Thus, during prior interglacials, sea surface temperatures were up to 3 °C warmer, sea levels were up to 79 feet higher than the present, and up to all of the Greenland and West Antarctic ice sheets melted away. All of this occurred naturally and at "safe" levels of CO2. Thus, there is no evidence that climate change within the present interglacial is any different, unprecedented, unnatural, unusual, or due to man-made CO2.
|Top graph shows reconstructed sea surface temperatures over the past 425,000 years. Horizontal axis is thousands of years ago. Modern sea surface temperatures of ~17C are cooler than during the the early Holocene [past ~11,000 years] and during the past 3 interglacials, and were ~3C higher during the last interglacial ~125,000 years ago. |
Iberian margin palaeoclimate records from deep-sea cores of Martrat et al. (2007), showing benthic oxygen isotope record (bottom panel) and alkenone SST record (top panel). Bold numbers in lower plot are marine isotope stages (MIS). Shown for comparison are estimated times of arrival of Senegalese (warm water; pink shades) and Mediterranean (cool water; light blue shades) faunas to the Canary Islands during MIS 11 and MIS 5.5. (For interpretation of the references to color in this figure legend, the reader is referred to the web version of this article.)
Uranium-series ages of corals, sea level history, and palaeozoogeography, Canary Islands, Spain: An exploratory study for two Quaternary interglacial periods
- a U.S. Geological Survey, MS 980, Box 25046, Federal Center, Denver, CO 80225, USA
- b Departamento de Biología, Universidad de Las Palmas de Gran Canaria, 35017 Las Palmas, Canary Islands, Spain
- c U.S. Geological Survey, MS 963, Box 25046, Federal Center, Denver, CO 80225, USA
- Canary Islands marine deposits are ~481 ka (MIS 11 or 13) and ~130-120 ka (MIS 5.5).
- The older high sea stand (if it is MIS 11) could have been +9 m to as high as +24 m.
- Both ages of deposits contain southern species of mollusks, indicating warmer waters.
- Both ages of deposits contain northern species of mollusks, indicating cooler waters.
- Thermally mixed faunas may be due to insolation-forced early warming, later cooling.
We present the first U-series ages of corals from emergent marine deposits on the Canary Islands. Deposits at + 20 m are 481 ± 39 ka, possibly correlative to marine isotope stage (or MIS) 11, while those at + 12 and + 8 m are 120.5 ± 0.8 ka and 130.2 ± 0.8 ka, respectively, correlative to MIS 5.5. The age, elevations, and uplift rates derived from MIS 5.5 deposits on the Canary Islands allow calculations of hypothetical palaeo-sea levels during the MIS 11 high sea stand. Estimates indicate that the MIS 11 high sea stand likely was at least + 9 m (relative to present sea level) and could have been as high as + 24 m. The most conservative estimates of palaeo-sea level during MIS 11 would require an ice mass loss equivalent to all of the modern Greenland and West Antarctic ice sheets; the more extreme estimates would require additional ice mass loss from the East Antarctic ice sheet. Extralimital southern species of mollusks, found in both MIS 11 and MIS 5.5 deposits on the Canary Islands, imply warmer-than-modern sea surface temperatures during at least a part of MIS 11 and much warmer sea surface temperatures during at least a part of MIS 5.5. Both MIS 11 and MIS 5.5 marine deposits on the Canary Islands contain extralimital northern species of mollusks as well, indicating cooler-than-present waters at times during these interglacial periods. We hypothesize that the co-occurrence of extralimital southern and northern species of marine invertebrates in the fossil record of the Canary Islands reflects its geographic location with respect to major synoptic-scale controls on climate and ocean currents. Previous interglacials may have been characterized by early, insolation-forced warming, along with northward migration of the intertropical convergence zone (ITCZ), accompanied by weakened trade winds and diminished upwelling. This allowed the arrival of extralimital southern taxa from the tropical Senegalese faunal province. During later parts of the MIS 11 and 5.5 interglacials, decreased insolation may have resulted in southward migration of the ITCZ, strengthened trade winds, and re-establishment of upwelling. Such conditions may have brought about not only local extinction of the Senegalese fauna, but allowed southward migration of the cooler-water Mediterranean fauna to the Canary Islands in the later parts of interglacials, a complex palaeoclimate record that is mirrored in the deep-sea core record.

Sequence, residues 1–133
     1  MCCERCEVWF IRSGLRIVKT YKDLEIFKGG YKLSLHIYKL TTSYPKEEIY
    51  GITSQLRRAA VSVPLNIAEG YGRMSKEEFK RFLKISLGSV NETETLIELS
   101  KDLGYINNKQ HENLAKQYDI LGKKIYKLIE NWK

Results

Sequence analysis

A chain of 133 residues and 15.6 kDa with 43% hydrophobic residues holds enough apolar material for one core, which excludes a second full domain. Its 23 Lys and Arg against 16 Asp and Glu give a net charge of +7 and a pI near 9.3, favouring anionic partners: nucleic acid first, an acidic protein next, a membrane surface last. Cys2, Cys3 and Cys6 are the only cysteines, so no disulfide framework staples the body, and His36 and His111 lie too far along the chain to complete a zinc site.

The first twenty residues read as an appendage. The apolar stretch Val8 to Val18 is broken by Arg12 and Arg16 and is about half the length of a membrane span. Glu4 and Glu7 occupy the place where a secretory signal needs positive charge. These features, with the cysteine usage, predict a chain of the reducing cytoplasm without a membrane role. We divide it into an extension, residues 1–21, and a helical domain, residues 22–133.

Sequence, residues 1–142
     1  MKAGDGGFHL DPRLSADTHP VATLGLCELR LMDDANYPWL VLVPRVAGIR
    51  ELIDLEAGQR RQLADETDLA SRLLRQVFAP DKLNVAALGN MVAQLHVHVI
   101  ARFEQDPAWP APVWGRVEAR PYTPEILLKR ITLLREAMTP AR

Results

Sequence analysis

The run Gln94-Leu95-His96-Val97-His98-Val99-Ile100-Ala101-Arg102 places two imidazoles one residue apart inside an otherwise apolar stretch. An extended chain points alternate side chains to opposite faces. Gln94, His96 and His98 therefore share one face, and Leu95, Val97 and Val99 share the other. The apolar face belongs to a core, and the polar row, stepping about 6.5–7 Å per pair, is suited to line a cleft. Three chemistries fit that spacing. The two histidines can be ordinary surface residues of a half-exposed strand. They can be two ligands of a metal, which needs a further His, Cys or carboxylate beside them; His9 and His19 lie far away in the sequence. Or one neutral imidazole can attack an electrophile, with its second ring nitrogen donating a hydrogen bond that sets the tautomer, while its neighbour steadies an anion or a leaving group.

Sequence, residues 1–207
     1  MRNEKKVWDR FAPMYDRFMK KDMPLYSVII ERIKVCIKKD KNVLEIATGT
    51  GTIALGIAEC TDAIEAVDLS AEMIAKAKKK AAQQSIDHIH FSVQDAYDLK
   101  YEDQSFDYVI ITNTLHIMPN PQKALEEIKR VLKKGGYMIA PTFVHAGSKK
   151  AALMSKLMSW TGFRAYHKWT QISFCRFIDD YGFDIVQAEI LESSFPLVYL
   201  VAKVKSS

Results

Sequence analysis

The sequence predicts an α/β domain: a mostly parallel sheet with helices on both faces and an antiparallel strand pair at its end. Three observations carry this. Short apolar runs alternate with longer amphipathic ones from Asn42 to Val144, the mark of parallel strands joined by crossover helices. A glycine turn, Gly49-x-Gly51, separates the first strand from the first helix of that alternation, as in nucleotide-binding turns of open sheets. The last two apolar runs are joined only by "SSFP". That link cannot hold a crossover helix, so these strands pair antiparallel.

Related: Marine Isotope Stage
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